Shhhhh I haven't completely ditched WordPress. I just wanted to make a half-assed click-bait title. I still have a site that uses WordPress but I'm trying to migrate away.

Why move away from WordPress? It's a very popular blogging/CMS platform. It's used by a large percentage of websites/blogs all around the globe. It's easy to set up and build because many hosting platfroms have WordPress baked right in. All it takes is clicking a button and a basic WordPress site magically appears. Choose one theme out of millions or use their defaults. Choose some plugins. Within an hour you have a nice looking website. Crazy, right?

This is fine and dandy if you're not a web developer and want something fast and easy to use. You don't need developer skills to put together a website (though you still need to be web savvy and maybe have some basic coding knowledge). Darn it, you got other things to do.

A web developer may want to use WordPress if he/she is interested in WordPress development. There is nothing wrong with that. In fact, a web developer with WordPress skills is someone that is still highly sought after and will be in the near future.

This all doesn't sound bad. It's not. To many millions this is great and it works. It's versitile - it's great for the novice to an experienced, well-seasoned developer.

For me, well, it was too much. I just used it for small personal sites, like my own site, and a blog I never used. I just didn't need a lot of the functionality. I didn't need a database. There. That's it.

Whoah not so fast! Why is it "too much", you may ask? First there's the constant updating to versions of WordPress and worrying it may break my entire site (that dreaded white screen of death). This has to be done because if you don't update, you open your site up to security risks.

Second, plugin fatigue. So many plugins. Either I become a PHP whiz and build my own plugins or I find a plugin for about everything. There's contact form plugins, SEO plugins, carousel plugins, the essential Hello Dolly plugin. This list goes on and on. These are more things to keep updated or you open the door to security risks. Plugins are developed by people from all over. They may break and then you hope they fix it soon. Even worse is if you choose a plugin and the developer abandons it. You won't get help. It won't get fixed. You start with a handfull of plugins and then before you know it you have twenty plugins that need to be maintained.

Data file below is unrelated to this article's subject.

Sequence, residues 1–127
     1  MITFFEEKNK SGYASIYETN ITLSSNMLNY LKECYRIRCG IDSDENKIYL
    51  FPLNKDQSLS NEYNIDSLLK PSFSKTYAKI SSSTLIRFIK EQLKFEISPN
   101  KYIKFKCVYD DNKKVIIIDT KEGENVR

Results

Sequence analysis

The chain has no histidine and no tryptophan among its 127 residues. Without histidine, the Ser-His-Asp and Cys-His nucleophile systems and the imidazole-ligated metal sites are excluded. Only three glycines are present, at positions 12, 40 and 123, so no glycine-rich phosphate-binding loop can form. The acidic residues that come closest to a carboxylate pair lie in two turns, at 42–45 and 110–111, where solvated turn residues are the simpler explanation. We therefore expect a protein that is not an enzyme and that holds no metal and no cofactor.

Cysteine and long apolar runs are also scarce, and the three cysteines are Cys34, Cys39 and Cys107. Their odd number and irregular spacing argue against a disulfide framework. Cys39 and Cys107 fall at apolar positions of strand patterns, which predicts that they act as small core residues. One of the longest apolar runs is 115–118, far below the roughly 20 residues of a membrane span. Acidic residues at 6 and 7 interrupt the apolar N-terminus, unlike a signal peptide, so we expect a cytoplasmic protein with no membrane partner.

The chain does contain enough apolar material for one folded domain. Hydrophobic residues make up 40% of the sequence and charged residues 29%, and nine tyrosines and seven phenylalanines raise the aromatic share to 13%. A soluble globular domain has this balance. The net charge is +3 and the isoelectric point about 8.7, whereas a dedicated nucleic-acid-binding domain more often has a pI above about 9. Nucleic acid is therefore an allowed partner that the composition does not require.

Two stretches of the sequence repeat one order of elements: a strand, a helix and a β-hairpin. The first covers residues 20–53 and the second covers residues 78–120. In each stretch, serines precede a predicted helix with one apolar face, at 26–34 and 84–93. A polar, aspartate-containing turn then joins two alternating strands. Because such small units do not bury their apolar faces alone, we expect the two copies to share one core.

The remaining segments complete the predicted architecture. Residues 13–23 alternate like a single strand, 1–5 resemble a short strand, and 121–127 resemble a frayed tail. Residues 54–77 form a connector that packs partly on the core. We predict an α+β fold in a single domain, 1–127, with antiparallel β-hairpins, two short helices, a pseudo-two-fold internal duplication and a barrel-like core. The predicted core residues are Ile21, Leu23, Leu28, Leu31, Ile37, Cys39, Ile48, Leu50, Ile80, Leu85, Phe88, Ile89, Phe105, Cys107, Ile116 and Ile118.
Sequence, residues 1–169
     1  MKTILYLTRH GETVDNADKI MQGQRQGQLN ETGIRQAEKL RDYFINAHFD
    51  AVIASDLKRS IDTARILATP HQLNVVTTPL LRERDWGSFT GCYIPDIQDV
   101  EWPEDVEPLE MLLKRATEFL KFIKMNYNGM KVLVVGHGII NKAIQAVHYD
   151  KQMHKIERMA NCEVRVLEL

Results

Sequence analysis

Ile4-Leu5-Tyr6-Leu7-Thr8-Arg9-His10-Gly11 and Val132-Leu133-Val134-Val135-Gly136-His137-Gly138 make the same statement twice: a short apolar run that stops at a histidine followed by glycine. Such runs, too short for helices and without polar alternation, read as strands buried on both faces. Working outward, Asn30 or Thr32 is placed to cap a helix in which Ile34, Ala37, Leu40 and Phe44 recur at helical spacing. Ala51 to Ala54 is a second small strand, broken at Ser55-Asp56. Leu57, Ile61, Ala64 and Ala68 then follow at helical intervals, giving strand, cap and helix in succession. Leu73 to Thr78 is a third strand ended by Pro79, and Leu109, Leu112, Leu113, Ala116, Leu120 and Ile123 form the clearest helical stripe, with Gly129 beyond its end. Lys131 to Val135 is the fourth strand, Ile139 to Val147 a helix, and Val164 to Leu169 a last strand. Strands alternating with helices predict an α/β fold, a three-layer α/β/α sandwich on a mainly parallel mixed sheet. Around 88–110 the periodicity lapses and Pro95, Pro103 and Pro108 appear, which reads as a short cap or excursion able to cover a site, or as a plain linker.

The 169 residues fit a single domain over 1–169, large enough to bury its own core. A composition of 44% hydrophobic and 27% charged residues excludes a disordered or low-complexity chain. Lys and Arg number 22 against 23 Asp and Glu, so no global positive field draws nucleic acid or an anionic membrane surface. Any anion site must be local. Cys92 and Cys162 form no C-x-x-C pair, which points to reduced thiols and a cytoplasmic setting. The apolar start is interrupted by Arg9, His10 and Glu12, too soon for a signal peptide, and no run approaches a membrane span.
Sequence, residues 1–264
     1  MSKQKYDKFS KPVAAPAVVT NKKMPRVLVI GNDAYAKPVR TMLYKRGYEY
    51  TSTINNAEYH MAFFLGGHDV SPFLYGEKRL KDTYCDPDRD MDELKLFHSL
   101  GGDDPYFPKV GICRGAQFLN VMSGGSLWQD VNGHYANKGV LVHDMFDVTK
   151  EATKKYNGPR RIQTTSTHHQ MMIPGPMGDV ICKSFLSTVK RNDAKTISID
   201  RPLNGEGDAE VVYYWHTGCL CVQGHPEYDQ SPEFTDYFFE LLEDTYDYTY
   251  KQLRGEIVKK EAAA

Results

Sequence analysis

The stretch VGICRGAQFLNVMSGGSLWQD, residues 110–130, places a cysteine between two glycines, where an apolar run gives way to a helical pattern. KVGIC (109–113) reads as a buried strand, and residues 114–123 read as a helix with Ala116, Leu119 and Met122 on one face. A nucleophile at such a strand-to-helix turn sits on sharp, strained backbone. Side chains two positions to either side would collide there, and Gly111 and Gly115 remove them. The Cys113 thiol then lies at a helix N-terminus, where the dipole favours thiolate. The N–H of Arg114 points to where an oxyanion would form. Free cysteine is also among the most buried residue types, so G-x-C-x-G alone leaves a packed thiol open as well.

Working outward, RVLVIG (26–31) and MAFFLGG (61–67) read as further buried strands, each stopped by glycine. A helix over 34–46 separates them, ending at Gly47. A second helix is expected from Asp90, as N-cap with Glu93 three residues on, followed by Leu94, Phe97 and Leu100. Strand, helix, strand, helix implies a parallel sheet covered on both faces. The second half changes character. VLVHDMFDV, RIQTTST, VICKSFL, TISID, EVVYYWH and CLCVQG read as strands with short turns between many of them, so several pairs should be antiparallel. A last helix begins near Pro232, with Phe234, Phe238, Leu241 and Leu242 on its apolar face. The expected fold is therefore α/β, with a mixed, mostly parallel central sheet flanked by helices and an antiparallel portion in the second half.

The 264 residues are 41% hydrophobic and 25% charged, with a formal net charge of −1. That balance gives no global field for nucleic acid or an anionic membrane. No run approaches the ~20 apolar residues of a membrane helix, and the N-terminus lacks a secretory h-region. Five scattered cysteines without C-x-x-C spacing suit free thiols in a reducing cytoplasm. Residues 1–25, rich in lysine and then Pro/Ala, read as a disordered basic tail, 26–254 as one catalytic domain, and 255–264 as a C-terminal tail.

In the end, I just wanted simplicity. I don't need a CMS. I have a tiny personal site and I use a build system (like Gulp) and do a static site. I can do everything with front-end code and not have to mess with PHP. It's small and lean. I host on Netlify so it's hooked right into my git repo. Pushing to production is a cinch. Netlify also handles my form submissions. Cool! For this blog, I just use Gatsby. Again, just front-end tools to build a blog. I use markdown to write posts.

For me this works and is easy for me to maintain. Would I do this for clients? Probably not. Heck, I would possibly reach out to WordPress or other website builders because I'd like to get it going quickly and I'd need something clients could easily use. Maybe I would look into Netlify CMS or something else. In the end, the tools you choose should work with what you are trying to accomplish.